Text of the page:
Most visions of the future don’t advance the dialog much beyond 1984. Surveillance is accepted now; invited, actually. So, what’s next? Psycho-Pass presents an unsettling answer: a society patrolled by literal thought police who can measure the percentage of anti-social tendencies in any person’s brain.
The elevator pitch is Minority Report meets a Clockwork Orange by way of Ghost in the Shell, with a dash of Judge Dredd. There’s plenty of slam bang flashy gunplay, but the show’s real hook is its exploration of provocative questions unique to an era continually quantifying the human condition.
In the series, Japanese citizens are stratified by how their “Crime-Coefficients” tally in the Sibyl System. Those with 0%–those who couldn’t even begin to comprehend going against the system–roam free, but are basically unthinking sheep. Those with high percentages are arrested on the spot, or even executed on sight. Those in the middle margins, though? They become cops. Or they’re forced to. In a brilliant sci-fi spin on the archetypal good cop/bad cop set-up, Sibyl reasons that effective law enforcement requires a precise balance of straight arrows and loose cannons. The former have some capacity for violence. They can point a gun at a criminal, but they’ll go home after work. The latter have more violent tendencies, being the type to obsess over a case or throw the rulebook away. They aren’t allowed to live outside the station, lest their harmful influence contaminate society.
Of course, who decides what influence is harmful? Can you track it to a single conversation? Or to the reaction a piece of art provokes? Psycho-Pass shows how the road to Hell is paved with good intentions, regularly making queries with troubling implications. What precise line separates a hard worker from a workaholic, for example, if such behavior really is anti-social? When does a deadbeat dad’s negligence become harmful to the general citizenry?
Our heroine is Akane Tsunemori, a good cop whose incorruptibility is almost a genetic fluke. She can think for herself, but no matter how much awfulness she deals with, her near-perfect Crime-Coefficient is never tainted. Her partner is a “bad cop,” Shinya Kogami, whose background is revealed throughout the first season of the show. Naturally, the two have some sexual tension, and the influence they have upon each other can be even charted by degrees.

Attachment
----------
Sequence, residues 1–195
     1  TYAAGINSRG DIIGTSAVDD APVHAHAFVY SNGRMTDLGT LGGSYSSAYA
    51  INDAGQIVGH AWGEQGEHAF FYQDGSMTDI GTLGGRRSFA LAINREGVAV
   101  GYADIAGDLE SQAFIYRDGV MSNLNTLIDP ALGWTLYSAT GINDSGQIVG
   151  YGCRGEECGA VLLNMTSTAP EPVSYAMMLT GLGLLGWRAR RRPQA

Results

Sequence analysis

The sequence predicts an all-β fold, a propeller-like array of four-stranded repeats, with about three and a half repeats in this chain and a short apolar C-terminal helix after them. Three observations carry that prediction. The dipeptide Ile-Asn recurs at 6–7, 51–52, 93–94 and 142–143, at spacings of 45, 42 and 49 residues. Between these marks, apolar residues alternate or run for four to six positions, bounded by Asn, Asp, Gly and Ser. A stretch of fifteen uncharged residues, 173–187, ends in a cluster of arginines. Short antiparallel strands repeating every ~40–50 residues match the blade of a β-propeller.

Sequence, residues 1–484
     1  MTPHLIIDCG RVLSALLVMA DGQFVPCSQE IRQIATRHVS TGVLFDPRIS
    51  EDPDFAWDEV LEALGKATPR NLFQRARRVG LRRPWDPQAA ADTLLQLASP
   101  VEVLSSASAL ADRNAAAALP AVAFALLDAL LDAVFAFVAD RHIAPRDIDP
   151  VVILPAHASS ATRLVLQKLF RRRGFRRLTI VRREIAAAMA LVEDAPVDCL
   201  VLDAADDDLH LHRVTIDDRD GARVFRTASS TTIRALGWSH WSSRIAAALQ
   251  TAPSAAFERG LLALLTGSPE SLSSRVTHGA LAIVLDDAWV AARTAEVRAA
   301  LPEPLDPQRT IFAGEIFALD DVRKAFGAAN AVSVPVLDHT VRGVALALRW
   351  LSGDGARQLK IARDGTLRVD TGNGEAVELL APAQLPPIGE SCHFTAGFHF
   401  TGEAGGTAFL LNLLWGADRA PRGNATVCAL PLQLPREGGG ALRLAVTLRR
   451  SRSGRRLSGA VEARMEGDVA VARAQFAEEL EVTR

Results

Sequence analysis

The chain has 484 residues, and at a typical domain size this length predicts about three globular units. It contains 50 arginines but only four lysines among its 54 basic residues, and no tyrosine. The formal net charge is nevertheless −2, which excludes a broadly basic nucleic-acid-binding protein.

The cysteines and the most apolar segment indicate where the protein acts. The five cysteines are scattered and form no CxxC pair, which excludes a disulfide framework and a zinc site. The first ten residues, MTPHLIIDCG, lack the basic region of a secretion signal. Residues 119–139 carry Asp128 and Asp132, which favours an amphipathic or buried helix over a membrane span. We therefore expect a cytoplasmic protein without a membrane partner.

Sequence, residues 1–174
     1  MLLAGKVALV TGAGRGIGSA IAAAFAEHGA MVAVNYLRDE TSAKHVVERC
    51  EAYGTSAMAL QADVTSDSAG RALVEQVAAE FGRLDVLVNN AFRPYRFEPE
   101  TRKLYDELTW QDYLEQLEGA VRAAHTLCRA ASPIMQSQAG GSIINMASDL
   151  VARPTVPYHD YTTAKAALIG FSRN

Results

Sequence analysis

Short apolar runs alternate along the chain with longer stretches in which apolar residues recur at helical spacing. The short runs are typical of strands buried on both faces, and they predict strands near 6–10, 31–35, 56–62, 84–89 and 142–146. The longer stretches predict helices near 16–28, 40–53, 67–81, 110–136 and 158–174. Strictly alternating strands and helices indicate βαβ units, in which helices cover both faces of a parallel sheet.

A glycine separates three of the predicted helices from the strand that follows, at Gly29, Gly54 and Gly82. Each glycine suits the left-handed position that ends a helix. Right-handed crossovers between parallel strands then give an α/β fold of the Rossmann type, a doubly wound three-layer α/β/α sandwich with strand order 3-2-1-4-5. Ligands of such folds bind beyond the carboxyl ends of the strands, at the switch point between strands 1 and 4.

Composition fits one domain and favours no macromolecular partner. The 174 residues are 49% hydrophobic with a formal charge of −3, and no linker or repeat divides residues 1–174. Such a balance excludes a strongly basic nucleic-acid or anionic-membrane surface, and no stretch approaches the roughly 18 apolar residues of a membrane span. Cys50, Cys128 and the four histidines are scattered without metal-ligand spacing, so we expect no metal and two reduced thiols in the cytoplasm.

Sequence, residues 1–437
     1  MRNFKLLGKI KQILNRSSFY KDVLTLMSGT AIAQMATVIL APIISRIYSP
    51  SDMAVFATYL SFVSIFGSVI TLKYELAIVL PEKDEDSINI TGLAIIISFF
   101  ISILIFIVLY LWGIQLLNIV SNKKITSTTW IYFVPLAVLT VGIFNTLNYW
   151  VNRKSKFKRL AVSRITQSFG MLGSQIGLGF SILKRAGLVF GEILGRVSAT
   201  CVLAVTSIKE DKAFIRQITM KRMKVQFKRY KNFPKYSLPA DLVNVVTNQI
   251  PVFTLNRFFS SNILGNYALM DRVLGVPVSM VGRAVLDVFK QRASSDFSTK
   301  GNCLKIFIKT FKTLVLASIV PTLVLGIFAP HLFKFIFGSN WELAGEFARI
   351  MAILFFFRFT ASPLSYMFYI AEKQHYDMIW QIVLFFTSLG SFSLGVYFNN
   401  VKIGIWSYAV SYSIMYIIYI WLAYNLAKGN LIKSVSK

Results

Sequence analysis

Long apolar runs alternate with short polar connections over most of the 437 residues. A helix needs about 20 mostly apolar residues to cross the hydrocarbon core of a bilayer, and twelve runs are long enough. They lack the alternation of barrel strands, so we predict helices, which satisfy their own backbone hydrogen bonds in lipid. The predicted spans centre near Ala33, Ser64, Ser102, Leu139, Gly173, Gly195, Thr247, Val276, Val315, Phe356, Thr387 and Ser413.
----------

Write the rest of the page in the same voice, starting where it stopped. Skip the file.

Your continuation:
The first season sees them chase a serial killer whose mental state confounds the system. He kills routinely, but his Crime-Coefficient always registers at 0% because he’s so at peace with his own nature–a condition threatening Sibyl’s credibility. The second series takes jabs at big pharma, as a new criminal spread drugs that allow private citizens to dampen their percentages. His campaign goes on to incorporate aspects of Eastern medicine, as well, suggesting that people’s moral and physical well-beings are more closely linked than modern science might suggest.
The Psycho-Pass movie–effectively the third season–hits this spring. In it, Sibyl is franchised to a fictional Southeast Asian nation in the grip of civil war. Firebrand Kogami falls in with guerrillas who’ll be referred to as terrorists or revolutionaries depending on how the history books are written. And Akane is sent to find him. The ensuing plot raises pointed questions about whether Crime-Coefficients should be graded on different scales from country to country, or between combat and peace time.
Often, when an anime purports an intellectual bent, it translates to a lot of philosopho-babble, crawling up its own butt, with little relevancy to the real world. What’s continually refreshing about Psycho-Pass is that it manages to straddle a line quite adroitly. Akane will meet with a Lector-esque consultant, and he’ll freely quote philosphes with hard-to-pronounce names. However, she’ll go on to apply those ideas, and the applications are always practical to the plot. The audience sees her grapple with Sibyl’s parameters in ways we can actually relate to–even during international military ops like those in the movie. Could an awful co-worker be categorized as a “harmful influence” on the same scale as a murderer? Can you measure the impression an ex leaves, years after they’re out of your lives?
There are plenty of BFGs and exploding heads. Don’t worry. Still, it’s Psycho-Pass‘ capacity to stir discussion in almost every scene that makes it one of the most provocative anime series today.
Any other Psycho-Pass fans in our readership? Which of its virtues would you use to hook friends on the series? Are you looking forward to the movie? Sound off in the talkback!
Image Credits: FUNimation